The Christian Church – First Schism – Difference between Catholics and Protestants – Aim For Reconciled Diversity– Part 2

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Subject – The Christian Church – First Schism – Difference between Catholics and Protestants – Aim For Reconciled Diversity– Part 2 content count 489,782


Sunday, 13th of January 2019


Blog link:


Key verses:


Matthew 16:15-20 Living Bible (TLB)

15 Then he asked them, “Who do you think I am?”

16 Simon Peter answered, “The Christ, the Messiah, the Son of the living God.”

17 “God has blessed you, Simon, son of Jonah,” Jesus said, “for my Father in heaven has personally revealed this to you—this is not from any human source. 18 You are Peter, a stone; and upon this rock I will build my church; and all the powers of hell shall not prevail against it. 19 And I will give you the keys of the Kingdom of Heaven; whatever doors you lock on earth shall be locked in heaven; and whatever doors you open on earth shall be open in heaven!”

20 Then he warned the disciples against telling others that he was the Messiah.



Matthew 15:1-14 Living Bible(TLB)

1 Some Pharisees and other Jewish leaders now arrived from Jerusalem to interview Jesus.

“Why do your disciples disobey the ancient Jewish traditions?” they demanded. “For they ignore our ritual of ceremonial handwashing before they eat.” He replied, “And why do your traditions violate the direct commandments of God? For instance, God’s law is ‘Honor your father and mother; anyone who reviles his parents must die.’ 5-6 But you say, ‘Even if your parents are in need, you may give their support money to the church[a] instead.’ And so, by your man-made rule, you nullify the direct command of God to honor and care for your parents. You hypocrites! Well did Isaiah prophesy of you, ‘These people say they honor me, but their hearts are far away. Their worship is worthless, for they teach their man-made laws instead of those from God.’[b]

10 Then Jesus called to the crowds and said, “Listen to what I say and try to understand: 11 You aren’t made unholy by eating nonkosher food! It is what you say and think that makes you unclean.”[c]

12 Then the disciples came and told him, “You offended the Pharisees by that remark.”

13-14 Jesus replied, “Every plant not planted by my Father shall be rooted up, so ignore them. They are blind guides leading the blind, and both will fall into a ditch.”













Dear brethren, welcome to the second part of our series on The Christian church following the introduction last week of our objective for the year 2019. In the part two of the write-up, we are looking at the first breakup or schism that occurred and what led up to it. We will highlight eight (8) major differences that divide the Catholics and the protestants. Our prayer and aim is for the brethren to come to a state of reconciled diversity in our drive to carry out the mandate Jesus Christ died to give us all and has mandated us as His followers to go and do likewise.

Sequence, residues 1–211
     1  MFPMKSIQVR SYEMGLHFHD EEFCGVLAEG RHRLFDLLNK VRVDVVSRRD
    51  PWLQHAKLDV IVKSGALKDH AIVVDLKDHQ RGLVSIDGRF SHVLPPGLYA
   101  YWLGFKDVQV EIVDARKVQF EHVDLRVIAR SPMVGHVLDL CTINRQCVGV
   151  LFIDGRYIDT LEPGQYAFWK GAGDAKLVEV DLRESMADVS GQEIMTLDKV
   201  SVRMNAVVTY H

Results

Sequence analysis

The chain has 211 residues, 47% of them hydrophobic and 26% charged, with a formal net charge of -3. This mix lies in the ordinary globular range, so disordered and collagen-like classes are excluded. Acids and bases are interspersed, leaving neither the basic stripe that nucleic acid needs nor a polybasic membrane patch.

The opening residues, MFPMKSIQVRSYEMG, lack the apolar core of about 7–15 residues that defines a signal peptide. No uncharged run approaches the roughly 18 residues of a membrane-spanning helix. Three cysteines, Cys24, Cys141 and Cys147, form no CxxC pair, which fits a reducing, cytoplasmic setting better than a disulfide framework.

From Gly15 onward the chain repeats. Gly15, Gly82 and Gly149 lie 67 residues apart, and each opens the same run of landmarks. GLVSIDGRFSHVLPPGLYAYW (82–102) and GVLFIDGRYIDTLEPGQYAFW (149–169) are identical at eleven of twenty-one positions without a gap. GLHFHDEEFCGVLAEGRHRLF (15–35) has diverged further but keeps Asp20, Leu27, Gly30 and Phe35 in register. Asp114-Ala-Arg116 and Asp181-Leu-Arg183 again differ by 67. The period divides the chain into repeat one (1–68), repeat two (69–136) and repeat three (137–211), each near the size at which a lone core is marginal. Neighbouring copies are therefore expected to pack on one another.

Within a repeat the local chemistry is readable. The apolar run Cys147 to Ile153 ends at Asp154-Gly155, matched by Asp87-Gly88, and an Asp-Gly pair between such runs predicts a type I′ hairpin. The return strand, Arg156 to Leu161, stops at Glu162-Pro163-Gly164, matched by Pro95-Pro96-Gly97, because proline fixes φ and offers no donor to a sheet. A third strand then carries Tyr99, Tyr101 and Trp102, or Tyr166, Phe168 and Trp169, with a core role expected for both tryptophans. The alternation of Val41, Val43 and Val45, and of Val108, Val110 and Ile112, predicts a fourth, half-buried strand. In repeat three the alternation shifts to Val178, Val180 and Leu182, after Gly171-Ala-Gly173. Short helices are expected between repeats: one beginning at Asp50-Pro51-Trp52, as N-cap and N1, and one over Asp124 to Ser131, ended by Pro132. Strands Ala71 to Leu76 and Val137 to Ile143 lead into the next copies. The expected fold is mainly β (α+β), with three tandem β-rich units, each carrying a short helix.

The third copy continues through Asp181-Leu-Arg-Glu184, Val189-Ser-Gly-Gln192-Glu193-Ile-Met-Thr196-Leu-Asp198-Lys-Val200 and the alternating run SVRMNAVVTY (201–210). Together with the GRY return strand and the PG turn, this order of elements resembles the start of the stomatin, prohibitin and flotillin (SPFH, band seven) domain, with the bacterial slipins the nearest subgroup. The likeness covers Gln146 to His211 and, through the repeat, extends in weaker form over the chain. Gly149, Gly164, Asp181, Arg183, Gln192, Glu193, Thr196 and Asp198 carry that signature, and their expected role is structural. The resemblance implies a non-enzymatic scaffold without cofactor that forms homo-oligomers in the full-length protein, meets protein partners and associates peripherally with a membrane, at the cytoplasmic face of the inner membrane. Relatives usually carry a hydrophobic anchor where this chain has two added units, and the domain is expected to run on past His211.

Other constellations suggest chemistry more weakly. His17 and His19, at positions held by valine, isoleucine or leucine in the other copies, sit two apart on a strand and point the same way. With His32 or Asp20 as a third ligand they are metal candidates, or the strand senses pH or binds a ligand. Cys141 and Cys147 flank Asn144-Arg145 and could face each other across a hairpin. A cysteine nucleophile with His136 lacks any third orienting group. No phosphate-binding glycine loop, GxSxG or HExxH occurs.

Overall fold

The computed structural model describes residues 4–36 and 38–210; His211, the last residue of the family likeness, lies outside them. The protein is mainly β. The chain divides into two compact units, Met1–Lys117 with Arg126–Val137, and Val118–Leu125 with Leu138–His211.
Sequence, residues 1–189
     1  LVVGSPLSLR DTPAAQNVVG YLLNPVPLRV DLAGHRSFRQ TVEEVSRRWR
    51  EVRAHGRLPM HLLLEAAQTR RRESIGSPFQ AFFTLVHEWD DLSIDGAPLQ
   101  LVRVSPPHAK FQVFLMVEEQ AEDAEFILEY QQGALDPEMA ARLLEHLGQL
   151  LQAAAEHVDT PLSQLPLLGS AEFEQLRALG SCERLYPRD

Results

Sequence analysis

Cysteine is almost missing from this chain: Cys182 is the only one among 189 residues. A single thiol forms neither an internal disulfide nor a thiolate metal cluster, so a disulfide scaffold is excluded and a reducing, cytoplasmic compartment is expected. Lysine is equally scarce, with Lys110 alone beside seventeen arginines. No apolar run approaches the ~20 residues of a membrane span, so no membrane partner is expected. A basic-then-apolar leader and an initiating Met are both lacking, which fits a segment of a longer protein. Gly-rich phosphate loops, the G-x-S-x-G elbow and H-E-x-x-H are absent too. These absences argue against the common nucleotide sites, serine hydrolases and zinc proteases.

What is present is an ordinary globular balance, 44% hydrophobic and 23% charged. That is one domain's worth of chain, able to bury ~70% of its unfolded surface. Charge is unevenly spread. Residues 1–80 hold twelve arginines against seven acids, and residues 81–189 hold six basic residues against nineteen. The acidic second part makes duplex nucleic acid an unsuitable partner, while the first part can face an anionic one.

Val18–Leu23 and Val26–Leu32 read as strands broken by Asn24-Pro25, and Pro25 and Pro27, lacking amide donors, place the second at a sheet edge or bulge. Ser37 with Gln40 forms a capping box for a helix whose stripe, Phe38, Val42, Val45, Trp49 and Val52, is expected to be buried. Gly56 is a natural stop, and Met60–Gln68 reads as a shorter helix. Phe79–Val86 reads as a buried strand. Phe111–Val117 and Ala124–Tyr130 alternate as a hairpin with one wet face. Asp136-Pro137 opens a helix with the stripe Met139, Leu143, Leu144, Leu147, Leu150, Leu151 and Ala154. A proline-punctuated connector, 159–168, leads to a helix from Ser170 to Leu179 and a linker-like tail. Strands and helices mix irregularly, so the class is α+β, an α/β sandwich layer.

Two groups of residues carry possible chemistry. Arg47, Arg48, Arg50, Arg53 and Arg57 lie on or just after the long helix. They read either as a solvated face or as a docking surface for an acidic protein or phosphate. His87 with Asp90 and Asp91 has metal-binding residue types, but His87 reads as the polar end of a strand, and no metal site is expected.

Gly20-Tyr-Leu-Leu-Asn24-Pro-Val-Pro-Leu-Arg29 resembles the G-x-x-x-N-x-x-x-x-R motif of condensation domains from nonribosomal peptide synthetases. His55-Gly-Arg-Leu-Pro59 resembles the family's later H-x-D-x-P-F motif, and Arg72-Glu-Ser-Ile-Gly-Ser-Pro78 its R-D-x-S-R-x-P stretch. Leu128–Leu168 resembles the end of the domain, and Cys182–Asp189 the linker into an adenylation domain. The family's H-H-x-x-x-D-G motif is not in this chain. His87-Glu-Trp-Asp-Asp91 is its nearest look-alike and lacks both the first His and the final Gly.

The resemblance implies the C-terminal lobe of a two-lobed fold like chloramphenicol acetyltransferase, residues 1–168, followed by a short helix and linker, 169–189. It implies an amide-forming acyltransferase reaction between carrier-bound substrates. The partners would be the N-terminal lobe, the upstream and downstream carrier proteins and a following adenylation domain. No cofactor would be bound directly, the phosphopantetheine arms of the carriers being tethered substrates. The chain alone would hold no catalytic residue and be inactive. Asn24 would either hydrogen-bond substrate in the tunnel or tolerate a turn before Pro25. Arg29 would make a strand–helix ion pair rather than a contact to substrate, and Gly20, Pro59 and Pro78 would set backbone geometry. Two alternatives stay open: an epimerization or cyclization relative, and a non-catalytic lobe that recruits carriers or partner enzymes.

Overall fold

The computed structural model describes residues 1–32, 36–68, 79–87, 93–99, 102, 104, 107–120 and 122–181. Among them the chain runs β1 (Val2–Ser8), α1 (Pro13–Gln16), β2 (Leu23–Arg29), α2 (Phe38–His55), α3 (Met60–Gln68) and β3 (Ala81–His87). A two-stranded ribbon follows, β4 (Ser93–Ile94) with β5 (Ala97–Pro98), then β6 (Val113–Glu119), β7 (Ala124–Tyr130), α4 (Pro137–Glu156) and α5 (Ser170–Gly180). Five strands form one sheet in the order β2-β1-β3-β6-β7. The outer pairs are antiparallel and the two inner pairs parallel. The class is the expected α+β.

The main differences between Catholics and Protestants


Both Catholics and Protestants worship the same God, but the principles of faith are different. Five hundred years after the Reformation, there are still painful divisions between Protestants and Catholics.


In Germany, the country of the Reformation, a deep animosity divided Catholic and Protestant Christians up until a few decades ago. This division had deepened over the centuries through religious conflicts and wars.


It all started when Reformation took place, 500 years ago, as Martin Luther (1483-1546) tried to reform the Catholic Church. His attempt to do so instead led to a schism in the church.


On October 31, 1517, the publication of his Ninety-Five Theses, which outlined different abusive practices of the church, is considered the founding event that led to this division in Germany and the creation of the Evangelical Church.


Here are the eight main differences:


  1. Understanding of the Bible

Catholicism and Protestantism have distinct views on the meaning and the authority of the Bible. For Protestant Christians, Luther made clear that the Bible is the “Sola Skriptura,” God’s only book, in which He provided His revelations to the people and which allows them to enter in communion with Him.

Catholics, on the other hand, do not base their beliefs on the Bible alone. Along with the Holy Scripture, they are additionally bound by the traditions of the Roman Catholic Church.


  1. Understanding the church

Catholics and Protestants have a different view on the nature of the church. The word “catholic” means “all-embracing,” and the Catholic Church sees itself as the only true church worldwide, under the leadership of the pope.

In contrast, the Protestant Churches which have emerged from Reformation, also called “Evangelical,” which means “according to the Gospel,” do not make up one united Church. There are rather several tens of thousands of different denominations around the world. Officially, all of these many churches are considered equal.